In an action to recover damages for personal injuries, the defendants appeal, as limited by their brief, from so much of an order of the Supreme Court, Kings County (Schmidt, J.), dated February 5, 2008, as denied their motion for summary judgment dismissing the complaint on the ground that the plaintiff did not sustain a serious injury within the meaning of Insurance Law § 5102(d).
Published by New York State Law Reporting Bureau pursuant to Judiciary Law § 431.
This opinion is uncorrected and subject to revision before publication in the Official Reports.
ROBERT A. SPOLZINO, J.P., DAVID S. RITTER, JOSEPH COVELLO and ARIEL E. BELEN, JJ.
ORDERED that the order is affirmed insofar as appealed from, with costs.
The defendants satisfied their burden of establishing, prima facie, that the plaintiff did not sustain a serious injury within the meaning of Insurance Law § 5102(d) as a result of the subject accident (see Toure v Avis Rent A Car Sys., 98 NY2d 345; Gaddy v Eyler, 79 NY2d 955, 956-957).
In opposition, the plaintiff relied upon various medical records, as well as the affirmed medical report of Dr. John Murphy, who treated the plaintiff after her accident. The plaintiff's hospital records and EMG testing report from December 22, 2003, were unsworn and therefore without any probative value (see Sapienza v Ruggiero, 57 AD3d 643; Choi Ping Wong v Innocent, 54 AD3d 384), and portions of Dr. Murphy's affirmed medical report dated November 19, 2007, must similarly be disregarded because they recite unsworn findings of other doctors (see Sorto v Morales, 55 AD3d 718; Malave v Basikov, 45 AD3d 539; Furrs v Griffith, 43 AD3d 389; see also Friedman v U-Haul Truck Rental, 216 AD2d 266, 267). Nevertheless, Dr. Murphy found, on the basis of his physical examination of the plaintiff, that she had a decreased range of motion in her lumbar spine following the date of the accident and for four years thereafter. In response to the conclusory statement by the defendant's orthopedic expert that the plaintiff "[had] significant problems preceding the alleged incident," and the defendant's radiologist's determination that the plaintiff suffers from a chronic degenerative condition of the lumbar spine, Dr. Murphy opined, on the basis of his review of pre-accident and post-accident imaging, that the plaintiff's injuries were caused or, at least, aggravated by the accident. Thus, Dr. Murphy's conclusion that the plaintiff's injuries constitute a permanent consequential limitation of use of her lumbar spine was sufficient to raise a triable issue of fact as to whether the plaintiff sustained a serious injury under the significant limitation of use or the permanent consequential limitation of use category of Insurance Law § 5102(d) as a result of the subject accident (see Altreche v Gilmar Masonry Corp., 49 AD3d 479; Nigro v Kovac, 45 AD3d 547-548).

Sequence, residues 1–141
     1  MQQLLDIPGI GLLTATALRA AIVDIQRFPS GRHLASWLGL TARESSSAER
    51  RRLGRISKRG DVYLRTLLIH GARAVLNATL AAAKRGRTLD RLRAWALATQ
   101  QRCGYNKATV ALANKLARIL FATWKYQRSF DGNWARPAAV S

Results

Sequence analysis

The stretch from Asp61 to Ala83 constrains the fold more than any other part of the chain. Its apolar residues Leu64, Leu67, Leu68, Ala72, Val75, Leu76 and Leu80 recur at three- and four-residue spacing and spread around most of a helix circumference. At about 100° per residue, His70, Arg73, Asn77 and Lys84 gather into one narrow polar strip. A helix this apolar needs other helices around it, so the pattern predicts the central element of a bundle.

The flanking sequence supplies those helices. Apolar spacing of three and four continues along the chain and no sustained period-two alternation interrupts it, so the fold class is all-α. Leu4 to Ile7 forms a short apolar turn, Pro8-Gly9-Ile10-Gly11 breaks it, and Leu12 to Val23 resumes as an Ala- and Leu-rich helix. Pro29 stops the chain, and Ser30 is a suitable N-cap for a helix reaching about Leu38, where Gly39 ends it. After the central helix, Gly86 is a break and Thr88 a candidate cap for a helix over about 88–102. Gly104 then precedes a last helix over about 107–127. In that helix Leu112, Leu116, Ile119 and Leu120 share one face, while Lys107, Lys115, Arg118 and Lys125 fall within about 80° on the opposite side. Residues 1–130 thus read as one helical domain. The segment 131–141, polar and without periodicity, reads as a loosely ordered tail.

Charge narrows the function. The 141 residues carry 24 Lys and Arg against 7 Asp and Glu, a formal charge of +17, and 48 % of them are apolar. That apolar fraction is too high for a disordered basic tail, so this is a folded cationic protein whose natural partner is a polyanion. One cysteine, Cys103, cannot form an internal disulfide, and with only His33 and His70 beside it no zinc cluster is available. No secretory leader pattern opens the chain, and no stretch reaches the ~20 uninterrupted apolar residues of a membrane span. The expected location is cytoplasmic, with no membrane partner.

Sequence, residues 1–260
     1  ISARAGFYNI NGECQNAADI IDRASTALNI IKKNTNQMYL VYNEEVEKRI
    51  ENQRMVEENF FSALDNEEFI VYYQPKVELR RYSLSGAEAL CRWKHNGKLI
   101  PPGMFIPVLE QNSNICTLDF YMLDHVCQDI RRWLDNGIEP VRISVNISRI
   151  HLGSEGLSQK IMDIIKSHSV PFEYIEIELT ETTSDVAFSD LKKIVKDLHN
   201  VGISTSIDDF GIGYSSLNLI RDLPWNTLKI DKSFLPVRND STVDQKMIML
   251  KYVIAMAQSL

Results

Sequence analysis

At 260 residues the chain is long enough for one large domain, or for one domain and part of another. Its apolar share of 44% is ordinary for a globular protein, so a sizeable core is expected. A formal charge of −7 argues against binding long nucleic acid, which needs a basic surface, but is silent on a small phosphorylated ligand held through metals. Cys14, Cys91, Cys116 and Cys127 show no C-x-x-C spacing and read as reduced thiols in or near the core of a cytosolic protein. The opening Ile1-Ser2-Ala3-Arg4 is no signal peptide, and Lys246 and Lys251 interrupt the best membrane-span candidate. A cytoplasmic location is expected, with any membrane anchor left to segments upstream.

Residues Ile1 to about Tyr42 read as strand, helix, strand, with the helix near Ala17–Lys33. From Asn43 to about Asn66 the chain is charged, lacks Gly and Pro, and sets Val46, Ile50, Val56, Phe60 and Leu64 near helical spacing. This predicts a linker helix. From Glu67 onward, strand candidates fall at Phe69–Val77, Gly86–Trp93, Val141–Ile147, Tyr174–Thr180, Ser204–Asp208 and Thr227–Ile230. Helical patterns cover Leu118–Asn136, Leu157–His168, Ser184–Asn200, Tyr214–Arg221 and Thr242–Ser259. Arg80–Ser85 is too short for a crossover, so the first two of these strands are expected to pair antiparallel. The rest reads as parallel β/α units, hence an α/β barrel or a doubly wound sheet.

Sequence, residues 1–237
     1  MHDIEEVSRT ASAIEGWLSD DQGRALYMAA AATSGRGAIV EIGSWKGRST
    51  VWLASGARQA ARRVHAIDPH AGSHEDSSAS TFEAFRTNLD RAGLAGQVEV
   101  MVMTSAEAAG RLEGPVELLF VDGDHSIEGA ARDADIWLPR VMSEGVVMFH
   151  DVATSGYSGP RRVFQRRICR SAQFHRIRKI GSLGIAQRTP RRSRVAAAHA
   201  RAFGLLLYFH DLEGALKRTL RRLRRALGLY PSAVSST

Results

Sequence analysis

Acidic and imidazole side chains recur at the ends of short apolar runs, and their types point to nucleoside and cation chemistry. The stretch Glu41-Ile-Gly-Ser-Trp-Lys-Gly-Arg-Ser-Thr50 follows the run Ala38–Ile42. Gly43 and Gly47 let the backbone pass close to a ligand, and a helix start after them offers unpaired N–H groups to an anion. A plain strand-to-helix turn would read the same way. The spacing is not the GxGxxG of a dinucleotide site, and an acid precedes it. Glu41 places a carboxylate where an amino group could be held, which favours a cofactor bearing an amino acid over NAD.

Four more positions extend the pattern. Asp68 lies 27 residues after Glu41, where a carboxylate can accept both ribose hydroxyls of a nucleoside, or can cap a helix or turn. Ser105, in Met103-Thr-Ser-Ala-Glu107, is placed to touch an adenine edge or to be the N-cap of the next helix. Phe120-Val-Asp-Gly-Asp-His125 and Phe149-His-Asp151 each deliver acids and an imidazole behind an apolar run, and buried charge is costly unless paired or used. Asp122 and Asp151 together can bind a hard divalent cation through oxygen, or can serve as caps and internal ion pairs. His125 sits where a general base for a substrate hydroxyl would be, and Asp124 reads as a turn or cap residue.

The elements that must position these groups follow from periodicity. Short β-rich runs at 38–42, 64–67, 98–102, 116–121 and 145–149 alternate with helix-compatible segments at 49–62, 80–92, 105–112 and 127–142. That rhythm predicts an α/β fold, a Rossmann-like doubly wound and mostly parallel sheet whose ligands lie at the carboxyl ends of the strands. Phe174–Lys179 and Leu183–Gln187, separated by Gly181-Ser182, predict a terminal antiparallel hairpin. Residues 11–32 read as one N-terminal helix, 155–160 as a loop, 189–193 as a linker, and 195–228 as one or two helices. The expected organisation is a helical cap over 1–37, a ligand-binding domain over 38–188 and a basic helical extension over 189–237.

SPOLZINO, J.P., RITTER, COVELLO and BELEN, JJ., concur.
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